Everyone's eager to meet baby, but are elective inductions safe?
By Amy Gates on June 10, 2008
BlogHer Original Post
Elective inductions are on the rise in the United States, and while this means many excited mothers get to meet their babies sooner than if they waited for labor to begin spontaneously, it also means they are much more likely to meet their babies as a result of a cesarean section, which of course comes with it's own set of risks to both mother and child.
According to a study linked on Birthfriend's Place to Ponder:
In 2004, the National Vital Statistics Report showed the total induction rate (in the United States) to be 21.2%. Of that number, 25% were reported to have no apparent medical indication and were done for the convenience of either the patient or the physician (Martin et al., 2006). This rate represents a 9.5% increase since 1990. An even higher induction rate of 41% was found by the Listening to Mothers II survey (Declercq, Sakala, Corry, Applebaum, & Risher, 2006).
The desire to bring about the onset of labor is nothing new. Throughout history, women have tried to induce labor naturally through "home remedies" such as nipple stimulation, Castor oil, herbal remedies, sexual intercourse and more. As I neared the 41 weeks marker with my son, even I tried to naturally jump start labor by way of acupuncture to increase my chances of having a home birth. I went into labor that night. Had I reached 42 weeks, my likelihood of being legally allowed to have a home birth would have decreased.
The way I see it though is the difference between using natural means of inducing labor and medical means is the end result. With either one labor will begin only if the woman's body (cervix) is ready. However, with the natural methods, if labor doesn't begin, the end result is the woman is still pregnant and has to wait until her body is ready. With the medical/pharmaceutical means of induction, if labor doesn't begin or progress according to the care provider's timetable, the end result will most often be a c-section.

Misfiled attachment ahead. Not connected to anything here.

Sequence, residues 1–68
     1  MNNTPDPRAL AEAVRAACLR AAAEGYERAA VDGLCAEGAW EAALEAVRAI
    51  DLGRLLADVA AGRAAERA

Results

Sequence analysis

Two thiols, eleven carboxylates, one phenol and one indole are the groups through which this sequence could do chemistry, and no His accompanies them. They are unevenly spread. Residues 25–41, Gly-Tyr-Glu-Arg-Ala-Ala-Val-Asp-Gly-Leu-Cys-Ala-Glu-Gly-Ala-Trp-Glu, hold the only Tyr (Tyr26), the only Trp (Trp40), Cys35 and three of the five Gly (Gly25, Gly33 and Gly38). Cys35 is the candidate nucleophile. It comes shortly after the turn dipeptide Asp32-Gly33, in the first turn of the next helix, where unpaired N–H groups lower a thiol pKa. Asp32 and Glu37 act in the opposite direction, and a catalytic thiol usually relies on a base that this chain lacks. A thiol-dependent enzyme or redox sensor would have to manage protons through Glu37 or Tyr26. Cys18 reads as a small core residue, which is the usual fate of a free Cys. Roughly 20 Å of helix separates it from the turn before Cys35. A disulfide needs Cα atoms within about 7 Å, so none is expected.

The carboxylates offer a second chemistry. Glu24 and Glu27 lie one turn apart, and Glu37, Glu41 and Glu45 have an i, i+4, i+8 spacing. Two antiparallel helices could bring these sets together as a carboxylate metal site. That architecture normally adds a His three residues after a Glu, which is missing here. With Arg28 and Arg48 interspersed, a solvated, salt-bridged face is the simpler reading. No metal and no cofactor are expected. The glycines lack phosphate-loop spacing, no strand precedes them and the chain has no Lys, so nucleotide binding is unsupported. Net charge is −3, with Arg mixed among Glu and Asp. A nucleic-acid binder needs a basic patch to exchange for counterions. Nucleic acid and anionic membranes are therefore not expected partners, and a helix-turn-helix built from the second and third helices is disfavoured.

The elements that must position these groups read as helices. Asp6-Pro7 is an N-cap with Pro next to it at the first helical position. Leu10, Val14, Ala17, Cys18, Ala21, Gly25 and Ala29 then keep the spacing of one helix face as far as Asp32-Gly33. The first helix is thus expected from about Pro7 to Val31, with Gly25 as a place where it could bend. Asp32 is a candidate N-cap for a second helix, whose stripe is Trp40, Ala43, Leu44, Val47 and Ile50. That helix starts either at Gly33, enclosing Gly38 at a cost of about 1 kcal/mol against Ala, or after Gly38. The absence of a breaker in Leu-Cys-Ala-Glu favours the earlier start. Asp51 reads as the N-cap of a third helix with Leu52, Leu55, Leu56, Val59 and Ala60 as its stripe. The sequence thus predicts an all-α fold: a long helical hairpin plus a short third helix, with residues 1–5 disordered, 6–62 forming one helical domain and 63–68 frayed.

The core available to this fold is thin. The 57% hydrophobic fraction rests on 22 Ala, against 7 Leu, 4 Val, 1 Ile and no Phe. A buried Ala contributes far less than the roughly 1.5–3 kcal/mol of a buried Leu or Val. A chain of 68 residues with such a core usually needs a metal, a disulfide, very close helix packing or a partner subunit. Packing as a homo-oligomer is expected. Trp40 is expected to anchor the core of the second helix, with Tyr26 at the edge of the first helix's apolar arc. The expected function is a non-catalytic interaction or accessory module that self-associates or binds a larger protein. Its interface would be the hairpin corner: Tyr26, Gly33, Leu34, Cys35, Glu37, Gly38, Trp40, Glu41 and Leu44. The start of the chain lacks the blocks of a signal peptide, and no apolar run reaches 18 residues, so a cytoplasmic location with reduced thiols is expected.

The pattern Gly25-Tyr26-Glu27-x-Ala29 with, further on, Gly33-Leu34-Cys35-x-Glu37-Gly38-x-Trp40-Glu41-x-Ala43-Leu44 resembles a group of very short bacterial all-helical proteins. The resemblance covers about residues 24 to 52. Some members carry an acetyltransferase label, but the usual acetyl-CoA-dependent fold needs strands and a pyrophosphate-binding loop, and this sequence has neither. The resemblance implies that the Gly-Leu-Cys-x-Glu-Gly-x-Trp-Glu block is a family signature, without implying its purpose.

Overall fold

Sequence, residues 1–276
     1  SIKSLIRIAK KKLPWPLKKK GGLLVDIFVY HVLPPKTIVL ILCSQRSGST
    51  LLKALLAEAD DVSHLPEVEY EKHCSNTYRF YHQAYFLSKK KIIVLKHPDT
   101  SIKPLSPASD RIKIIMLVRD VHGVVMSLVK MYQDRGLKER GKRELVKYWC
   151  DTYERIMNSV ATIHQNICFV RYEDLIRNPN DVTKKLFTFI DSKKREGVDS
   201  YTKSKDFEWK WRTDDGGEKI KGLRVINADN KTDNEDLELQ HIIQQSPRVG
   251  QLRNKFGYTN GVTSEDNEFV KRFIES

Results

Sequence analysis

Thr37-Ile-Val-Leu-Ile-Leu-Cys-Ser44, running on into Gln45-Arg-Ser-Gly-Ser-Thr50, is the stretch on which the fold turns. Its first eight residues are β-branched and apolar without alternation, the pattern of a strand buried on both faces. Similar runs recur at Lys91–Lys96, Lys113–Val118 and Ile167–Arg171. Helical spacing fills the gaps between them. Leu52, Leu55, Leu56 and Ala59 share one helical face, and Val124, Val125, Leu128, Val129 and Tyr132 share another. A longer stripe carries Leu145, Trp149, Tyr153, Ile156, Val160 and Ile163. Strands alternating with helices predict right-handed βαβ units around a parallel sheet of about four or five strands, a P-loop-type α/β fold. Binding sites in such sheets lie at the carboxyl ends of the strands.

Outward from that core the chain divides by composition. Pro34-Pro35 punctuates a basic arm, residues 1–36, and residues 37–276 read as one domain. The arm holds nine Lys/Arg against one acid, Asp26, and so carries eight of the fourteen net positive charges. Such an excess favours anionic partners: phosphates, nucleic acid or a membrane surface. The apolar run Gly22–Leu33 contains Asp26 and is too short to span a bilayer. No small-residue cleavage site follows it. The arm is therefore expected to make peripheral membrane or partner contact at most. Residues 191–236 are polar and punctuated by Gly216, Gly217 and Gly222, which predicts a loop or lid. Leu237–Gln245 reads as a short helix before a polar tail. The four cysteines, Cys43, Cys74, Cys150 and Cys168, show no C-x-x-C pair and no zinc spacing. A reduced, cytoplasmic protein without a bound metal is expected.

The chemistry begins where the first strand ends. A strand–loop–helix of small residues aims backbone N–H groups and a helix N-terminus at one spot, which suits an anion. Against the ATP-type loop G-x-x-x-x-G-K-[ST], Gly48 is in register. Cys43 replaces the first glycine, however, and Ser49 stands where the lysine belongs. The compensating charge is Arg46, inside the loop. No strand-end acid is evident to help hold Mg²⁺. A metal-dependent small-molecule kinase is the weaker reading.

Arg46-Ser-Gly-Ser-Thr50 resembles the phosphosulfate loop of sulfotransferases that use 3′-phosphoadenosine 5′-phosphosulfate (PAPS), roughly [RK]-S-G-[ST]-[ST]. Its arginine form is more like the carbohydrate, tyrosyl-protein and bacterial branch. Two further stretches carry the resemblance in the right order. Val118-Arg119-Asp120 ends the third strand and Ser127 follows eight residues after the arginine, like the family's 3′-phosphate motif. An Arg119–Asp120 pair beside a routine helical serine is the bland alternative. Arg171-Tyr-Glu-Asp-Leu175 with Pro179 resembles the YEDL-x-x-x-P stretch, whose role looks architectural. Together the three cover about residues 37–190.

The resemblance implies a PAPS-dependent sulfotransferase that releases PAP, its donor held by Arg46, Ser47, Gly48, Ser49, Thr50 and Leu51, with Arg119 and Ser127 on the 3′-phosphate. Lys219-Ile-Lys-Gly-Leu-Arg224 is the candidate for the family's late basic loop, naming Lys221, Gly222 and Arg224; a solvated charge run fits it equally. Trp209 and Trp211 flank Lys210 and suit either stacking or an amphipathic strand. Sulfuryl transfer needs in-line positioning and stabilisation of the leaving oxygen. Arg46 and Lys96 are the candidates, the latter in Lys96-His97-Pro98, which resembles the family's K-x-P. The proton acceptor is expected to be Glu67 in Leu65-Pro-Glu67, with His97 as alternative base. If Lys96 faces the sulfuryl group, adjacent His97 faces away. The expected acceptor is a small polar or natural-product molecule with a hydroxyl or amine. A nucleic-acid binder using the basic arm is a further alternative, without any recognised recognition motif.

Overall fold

It is important to note that a woman should consult with her care provider before trying any induction method, even natural ones.
If you are leaning towards a medical elective induction, in addition to discussing your options and risk factors with your care provider, it is also important to do your own research and be an informed customer so you can make the choice that's best for the health of both you and your baby.
Although the American College of Obstetrics and Gynecologists recommends against elective inductions citing "Induction of labor is indicated when the benefits to either the mother or fetus outweigh those of continuing the pregnancy" (in other words, when medically necessary), many doctors are more than happy to accommodate a mom who is tired of being pregnant. Some doctors routinely do inductions at 40 weeks, even if "it's perfectly normal for 80 percent of healthy babies to have anywhere from a 38- to 42-week gestation" and even if a woman is not asking for it.